Salad, Food, Meal, Fish, Seafood, Vegetables, Chives

Several minor studies have found that taurine may have benefits to performance. Researchers from Brazil learned that taurine improved strength while reducing muscle soreness after weight training and supplementation for 14 days.

Today, pre-workout supplements rarely contain taurine alone as the substance is usually paired with stimulants and caffeine. However, more research is needed to confirm if taurine works better by itself or when combined with others.

Taurine is considered by experts to be safe for use within recommended doses, so long as the user gauge their consumption.



For those who are familiar with pre-workouts for women, have you experienced that tingling feeling in the face or extremities after taking one? This harmless sensation is from the natural chemical known as beta-alanine.

It is a non-essential amino acid that can commonly be obtained from poultry, fish, and meat. It works by reducing the acidity generated in the muscles when working out, helping reduce fatigue.

 Grilled, Chicken, Barbecue, Bbq, Food, Meat, Dinner

Beta-alanine improves the levels of muscle carnosine, a chemical naturally produced by the body for high-intensity exercises and heavy weightlifting. There is also an increase in hydrogen ion levels along with a reduction in muscle pH during intense exercises.

Some supplements and training cycles could increase the ability of the body to regulate high levels of these substances during intense workouts. One of these supplements is beta-alanine.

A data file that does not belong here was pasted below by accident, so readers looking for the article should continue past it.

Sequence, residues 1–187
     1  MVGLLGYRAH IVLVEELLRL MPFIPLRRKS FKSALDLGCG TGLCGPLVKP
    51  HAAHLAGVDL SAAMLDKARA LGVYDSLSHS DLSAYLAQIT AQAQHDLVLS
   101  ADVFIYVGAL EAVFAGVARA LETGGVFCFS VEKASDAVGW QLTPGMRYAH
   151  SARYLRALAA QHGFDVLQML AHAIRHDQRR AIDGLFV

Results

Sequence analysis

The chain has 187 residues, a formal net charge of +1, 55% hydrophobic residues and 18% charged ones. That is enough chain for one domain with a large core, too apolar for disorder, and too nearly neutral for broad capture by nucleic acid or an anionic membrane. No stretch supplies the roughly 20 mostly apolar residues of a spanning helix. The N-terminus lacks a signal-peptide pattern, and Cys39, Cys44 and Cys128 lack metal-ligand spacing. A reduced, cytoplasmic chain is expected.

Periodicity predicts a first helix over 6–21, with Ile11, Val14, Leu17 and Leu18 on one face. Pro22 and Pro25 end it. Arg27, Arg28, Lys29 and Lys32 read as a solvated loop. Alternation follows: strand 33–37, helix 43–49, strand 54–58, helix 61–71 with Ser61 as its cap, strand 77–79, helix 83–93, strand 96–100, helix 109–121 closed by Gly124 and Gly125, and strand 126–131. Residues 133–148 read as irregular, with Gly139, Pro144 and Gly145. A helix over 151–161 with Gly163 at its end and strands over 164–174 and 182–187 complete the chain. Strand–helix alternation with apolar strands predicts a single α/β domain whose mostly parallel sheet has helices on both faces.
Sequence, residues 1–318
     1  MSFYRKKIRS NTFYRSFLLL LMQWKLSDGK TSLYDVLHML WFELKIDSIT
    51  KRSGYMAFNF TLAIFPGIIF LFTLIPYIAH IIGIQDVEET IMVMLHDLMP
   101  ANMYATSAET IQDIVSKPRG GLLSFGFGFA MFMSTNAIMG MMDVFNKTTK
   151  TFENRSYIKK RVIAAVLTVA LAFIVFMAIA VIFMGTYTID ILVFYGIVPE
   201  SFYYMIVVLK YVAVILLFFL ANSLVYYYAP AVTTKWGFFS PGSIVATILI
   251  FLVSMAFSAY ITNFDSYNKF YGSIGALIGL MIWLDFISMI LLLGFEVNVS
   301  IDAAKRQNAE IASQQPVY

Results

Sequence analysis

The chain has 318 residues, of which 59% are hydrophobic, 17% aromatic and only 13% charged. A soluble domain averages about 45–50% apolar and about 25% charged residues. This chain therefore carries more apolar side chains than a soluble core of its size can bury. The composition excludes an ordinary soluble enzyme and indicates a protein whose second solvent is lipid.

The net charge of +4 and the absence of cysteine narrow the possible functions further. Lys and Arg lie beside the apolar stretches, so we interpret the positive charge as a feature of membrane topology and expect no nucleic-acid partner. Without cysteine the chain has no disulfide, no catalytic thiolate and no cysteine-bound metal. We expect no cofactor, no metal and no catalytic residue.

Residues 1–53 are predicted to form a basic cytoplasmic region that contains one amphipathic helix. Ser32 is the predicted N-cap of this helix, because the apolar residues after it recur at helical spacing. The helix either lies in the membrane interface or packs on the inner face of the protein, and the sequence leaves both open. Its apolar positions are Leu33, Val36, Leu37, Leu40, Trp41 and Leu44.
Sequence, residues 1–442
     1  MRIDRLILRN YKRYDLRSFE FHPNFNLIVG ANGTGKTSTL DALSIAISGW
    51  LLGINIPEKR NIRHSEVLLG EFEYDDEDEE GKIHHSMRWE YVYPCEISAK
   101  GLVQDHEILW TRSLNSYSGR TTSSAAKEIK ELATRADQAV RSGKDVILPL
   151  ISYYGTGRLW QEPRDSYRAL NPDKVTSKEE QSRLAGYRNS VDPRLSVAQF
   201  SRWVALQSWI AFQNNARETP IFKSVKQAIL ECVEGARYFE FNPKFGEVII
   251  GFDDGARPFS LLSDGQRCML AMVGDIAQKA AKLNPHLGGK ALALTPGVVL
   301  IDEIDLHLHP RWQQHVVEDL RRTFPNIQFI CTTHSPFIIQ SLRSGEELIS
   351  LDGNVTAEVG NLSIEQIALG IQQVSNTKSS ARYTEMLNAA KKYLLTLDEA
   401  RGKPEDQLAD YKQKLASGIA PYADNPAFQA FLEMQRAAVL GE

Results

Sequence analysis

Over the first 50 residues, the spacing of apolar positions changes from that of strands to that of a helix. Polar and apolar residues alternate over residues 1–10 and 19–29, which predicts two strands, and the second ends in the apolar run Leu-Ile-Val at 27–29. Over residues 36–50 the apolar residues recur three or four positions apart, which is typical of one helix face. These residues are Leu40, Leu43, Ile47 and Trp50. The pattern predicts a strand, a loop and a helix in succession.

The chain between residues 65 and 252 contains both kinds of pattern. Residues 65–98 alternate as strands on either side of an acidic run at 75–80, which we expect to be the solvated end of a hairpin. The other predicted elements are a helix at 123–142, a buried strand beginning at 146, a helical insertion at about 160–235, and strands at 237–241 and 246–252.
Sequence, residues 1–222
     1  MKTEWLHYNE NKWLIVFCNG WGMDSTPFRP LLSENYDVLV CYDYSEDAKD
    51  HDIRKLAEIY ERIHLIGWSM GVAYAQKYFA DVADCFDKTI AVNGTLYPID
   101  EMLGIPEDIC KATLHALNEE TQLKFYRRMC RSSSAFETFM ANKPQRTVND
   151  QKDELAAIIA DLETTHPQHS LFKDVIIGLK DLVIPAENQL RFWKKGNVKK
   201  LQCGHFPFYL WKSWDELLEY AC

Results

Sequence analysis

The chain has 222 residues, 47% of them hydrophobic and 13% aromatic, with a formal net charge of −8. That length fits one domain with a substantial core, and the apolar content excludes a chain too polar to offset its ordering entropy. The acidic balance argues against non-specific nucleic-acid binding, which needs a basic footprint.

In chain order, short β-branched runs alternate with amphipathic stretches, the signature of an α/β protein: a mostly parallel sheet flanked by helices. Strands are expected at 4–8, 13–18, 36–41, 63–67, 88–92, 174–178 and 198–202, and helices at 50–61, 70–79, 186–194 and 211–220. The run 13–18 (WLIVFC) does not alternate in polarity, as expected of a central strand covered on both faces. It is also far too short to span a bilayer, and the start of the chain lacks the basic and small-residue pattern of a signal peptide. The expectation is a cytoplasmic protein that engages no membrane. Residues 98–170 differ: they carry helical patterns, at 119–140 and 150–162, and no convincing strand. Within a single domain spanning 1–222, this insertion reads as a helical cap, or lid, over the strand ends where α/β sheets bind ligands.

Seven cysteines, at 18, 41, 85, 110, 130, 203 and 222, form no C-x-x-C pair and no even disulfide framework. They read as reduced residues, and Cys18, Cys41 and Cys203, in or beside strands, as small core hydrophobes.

According to theory, increasing carnosine levels in skeletal muscle by way of chronic training and beta-alanine supplementation could enhance muscle buffering capability. Experts even believe that it could most likely enhance anaerobic performance as well.


Beet Root Extract

Beetroot extract is an increasingly popular supplement for endurance often found in the form of liquid, powder, or pills. It is often included in pre-workout supplements but some athletes take beetroot by itself.

 Beetroot, Vegetables, Beets, Root Vegetables, Food, Bio

Beets are healthy vegetables that have a reddish colour due to the pigments known as betalains. Although they consist of fibre and potassium, beets are known for having high nitrate. Consuming nitrate leads to nitrite, which is then released into the bloodstream as nitric oxide. Nitric oxide has been found to enhance cardiorespiratory performance while showing that it could also improve blood circulation.

One recent review concerning beets was that chronic supplementation with its extract can allow athletes to last longer in endurance sports.


Lion’s Mane

A new wave of pre-workout ingredients are being introduced by many companies. These are supposedly chemicals that boost brain function. Also known as nootropics, ingredients like Lion’s Mane are said to be beneficial when added to a pre-workout supplement.